5 Ways My Cats Are Total Taskmasters


I love the freedom of working from home as a freelance writer. I’m not one of those people who totally slacks off and doesn’t know how to manage her time. I’m quite the opposite. I love lists and schedules and have become quite proficient at juggling work, kids and home-related tasks. This is why I don’t understand why my overbearing feline supervisors are always on my back. I consistently meet my deadlines and take very few breaks. What gives?

Here are five ways my feline supervisors continually micromanage me.

1. Constantly reading over my shoulder

It’s annoying when someone is reading over my shoulder — especially if I’m trying to write something. My cats don’t care and feel the need to regularly oversee and inspect what I’m doing on the computer. If they don’t like what I’m writing, they take the liberty of making changes by walking across the keyboard. This is distracting and disrespectful behavior from supervisors. It’s like they don’t trust me.

And then at the end of the day, Phoebe turns into the boss from Office Space: “Yeah, um … I’m gonna need you to come in on Saturday.” Guess what? I’m already working on Saturday because your micromanaging prevents me from getting my work completed during the work week!

2. Making me work long hours with few breaks

My cats take up residency in my lap for hours on end, making it difficult for me to take breaks. This means I wind up working with a full bladder and a growling stomach. I’m certain this inhumane treatment violates all kinds of company policies. I think it’s time to report this behavior to human resources. Wait … they’re HR, too. Crap.

3. Always inspecting my beverages

Sure, sometimes I enjoy an adult beverage after I clock out at the end of the day, but I never drink on the job. For whatever reason, my cats don’t trust me and are always suspicious of what’s in my cup. It’s like they’re waiting for me to slip so they can dish out the discipline. Are you kidding? Do they think I’m going to drink cocktails when there’s no chance of potty breaks? They’ve obviously never met my bladder.

4. Dishing up unrealistic challenges

“Get these articles written before noon,” Phoebe says. And then she stands on top of my to-do list so I can’t read any information about the articles I need to write. So conniving! I think my cats set me up to fail. It’s not because they don’t love me — it’s because it’s another opportunity to show me who’s in control around here.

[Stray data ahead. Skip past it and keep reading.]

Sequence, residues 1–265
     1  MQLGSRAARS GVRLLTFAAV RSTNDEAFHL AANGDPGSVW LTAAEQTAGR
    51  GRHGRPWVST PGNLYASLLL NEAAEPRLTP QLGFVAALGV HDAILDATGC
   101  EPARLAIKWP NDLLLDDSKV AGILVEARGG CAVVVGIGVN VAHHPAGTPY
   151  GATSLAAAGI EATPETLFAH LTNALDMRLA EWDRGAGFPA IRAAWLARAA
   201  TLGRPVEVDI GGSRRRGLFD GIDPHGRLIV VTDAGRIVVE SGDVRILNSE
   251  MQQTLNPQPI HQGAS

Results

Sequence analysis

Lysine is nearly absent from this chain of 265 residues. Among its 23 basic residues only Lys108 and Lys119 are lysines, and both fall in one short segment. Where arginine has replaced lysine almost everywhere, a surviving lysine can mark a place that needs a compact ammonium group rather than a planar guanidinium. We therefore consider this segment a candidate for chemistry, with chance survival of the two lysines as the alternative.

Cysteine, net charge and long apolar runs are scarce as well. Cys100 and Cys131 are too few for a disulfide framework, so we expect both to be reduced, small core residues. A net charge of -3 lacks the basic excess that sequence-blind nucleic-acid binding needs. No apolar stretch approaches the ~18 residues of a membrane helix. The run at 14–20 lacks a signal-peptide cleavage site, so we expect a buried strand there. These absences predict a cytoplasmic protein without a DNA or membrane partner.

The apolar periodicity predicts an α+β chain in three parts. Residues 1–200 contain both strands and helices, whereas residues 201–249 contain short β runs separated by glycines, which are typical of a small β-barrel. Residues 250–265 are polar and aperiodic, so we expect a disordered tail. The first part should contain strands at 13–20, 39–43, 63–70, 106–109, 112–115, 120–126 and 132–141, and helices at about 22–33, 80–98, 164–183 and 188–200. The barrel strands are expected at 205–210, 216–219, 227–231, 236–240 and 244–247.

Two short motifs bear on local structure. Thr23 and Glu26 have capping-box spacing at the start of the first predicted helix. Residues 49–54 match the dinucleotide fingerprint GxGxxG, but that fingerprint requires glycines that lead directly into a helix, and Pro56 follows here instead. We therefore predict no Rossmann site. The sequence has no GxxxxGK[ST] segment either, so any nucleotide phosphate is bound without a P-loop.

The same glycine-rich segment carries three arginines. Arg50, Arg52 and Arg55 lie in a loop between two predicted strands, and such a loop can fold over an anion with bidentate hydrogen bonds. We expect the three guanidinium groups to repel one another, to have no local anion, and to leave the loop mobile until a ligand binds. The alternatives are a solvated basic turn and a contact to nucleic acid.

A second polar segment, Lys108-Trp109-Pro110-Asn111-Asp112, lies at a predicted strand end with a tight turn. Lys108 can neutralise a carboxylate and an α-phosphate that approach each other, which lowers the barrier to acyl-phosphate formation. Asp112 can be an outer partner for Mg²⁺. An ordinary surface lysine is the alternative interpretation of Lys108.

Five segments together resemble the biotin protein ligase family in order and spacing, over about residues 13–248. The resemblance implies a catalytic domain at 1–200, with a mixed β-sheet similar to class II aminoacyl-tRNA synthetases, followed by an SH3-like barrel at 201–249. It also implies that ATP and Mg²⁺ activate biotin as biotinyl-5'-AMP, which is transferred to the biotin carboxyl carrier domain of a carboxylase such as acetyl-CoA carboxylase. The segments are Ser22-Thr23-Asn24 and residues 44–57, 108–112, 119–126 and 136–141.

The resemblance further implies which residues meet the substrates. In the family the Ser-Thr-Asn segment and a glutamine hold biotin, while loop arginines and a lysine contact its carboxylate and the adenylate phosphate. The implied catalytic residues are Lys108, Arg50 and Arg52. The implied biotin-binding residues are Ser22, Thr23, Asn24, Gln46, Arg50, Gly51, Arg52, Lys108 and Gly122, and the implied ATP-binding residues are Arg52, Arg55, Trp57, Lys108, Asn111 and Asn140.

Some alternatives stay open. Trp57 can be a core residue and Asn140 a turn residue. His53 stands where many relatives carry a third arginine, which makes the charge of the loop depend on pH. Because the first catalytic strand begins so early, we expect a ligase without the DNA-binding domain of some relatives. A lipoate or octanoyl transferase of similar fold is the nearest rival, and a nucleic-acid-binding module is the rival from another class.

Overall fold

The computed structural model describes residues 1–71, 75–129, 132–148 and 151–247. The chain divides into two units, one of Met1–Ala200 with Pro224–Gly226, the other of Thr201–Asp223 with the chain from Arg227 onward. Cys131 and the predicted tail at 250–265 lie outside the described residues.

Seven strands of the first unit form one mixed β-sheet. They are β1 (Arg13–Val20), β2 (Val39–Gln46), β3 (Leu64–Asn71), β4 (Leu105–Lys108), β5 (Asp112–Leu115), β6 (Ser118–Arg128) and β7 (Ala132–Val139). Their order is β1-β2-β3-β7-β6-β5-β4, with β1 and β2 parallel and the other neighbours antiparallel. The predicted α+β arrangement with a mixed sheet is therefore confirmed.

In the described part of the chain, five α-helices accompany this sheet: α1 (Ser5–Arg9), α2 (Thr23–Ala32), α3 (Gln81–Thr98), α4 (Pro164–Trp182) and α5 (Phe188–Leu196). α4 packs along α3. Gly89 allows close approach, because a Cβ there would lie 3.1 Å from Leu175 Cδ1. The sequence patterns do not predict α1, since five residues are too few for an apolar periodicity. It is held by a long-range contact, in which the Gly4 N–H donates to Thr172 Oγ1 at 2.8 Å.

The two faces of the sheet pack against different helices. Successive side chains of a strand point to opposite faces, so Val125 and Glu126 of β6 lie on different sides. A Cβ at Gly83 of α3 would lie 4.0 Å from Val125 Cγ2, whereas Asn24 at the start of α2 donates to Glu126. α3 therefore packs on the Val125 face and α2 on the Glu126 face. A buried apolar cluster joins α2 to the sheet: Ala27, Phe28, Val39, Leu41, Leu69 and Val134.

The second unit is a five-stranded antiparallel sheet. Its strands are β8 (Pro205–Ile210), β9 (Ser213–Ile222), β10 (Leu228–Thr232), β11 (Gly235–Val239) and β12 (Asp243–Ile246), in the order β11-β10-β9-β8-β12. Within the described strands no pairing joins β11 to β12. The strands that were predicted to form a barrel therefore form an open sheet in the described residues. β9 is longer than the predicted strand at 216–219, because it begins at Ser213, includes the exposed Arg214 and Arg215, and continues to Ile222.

5. Intrusive behavior

Not only do my cats prevent me from getting my work completed, they repeatedly violate my privacy and embarrass me during business calls. As soon as Phoebe hears a fax come through, she has her nose all up inside its contents. She wants to know who’s sending me faxes and if they’re business-related. If she doesn’t like what she sees — or just wants to mess with me — she grabs the incoming fax and races off with it. I’m sorry to say I’ve lost valuable information because of that unprofessional shenanigan.

And trying to conduct a business phone call is futile. They walk around my chair and across my desk meowing loudly. “Who is it?” What do they want?” “Is this a personal phone call?” Sometimes I have to lock myself in my car to make calls. And then I return to a written warning on my desk: “Yeah, um … I’m gonna need you to work an extra hour today to make up for the unapproved break you took in your car. Also, I’m gonna need five cans of Fancy Feast. Chicken and Gravy.”

Does your cat try to supervise you? Tell us about it in the comments!

About the Author: Angie Bailey is a goofy girl with freckles and giant smile who wants everyone to be her friend. Loves pre-adolescent boy humor, puns, making up parody songs, and thinking about cats doing people things. Writes Catladyland, a cat humor blog, and authored whiskerslist: the kitty classifieds, a silly book about cats wheeling and dealing online. Partner in a production company and writes and acts in comedy web series that may or may not offend people. Mother to two humans and three cats, all of which want her to make them food.

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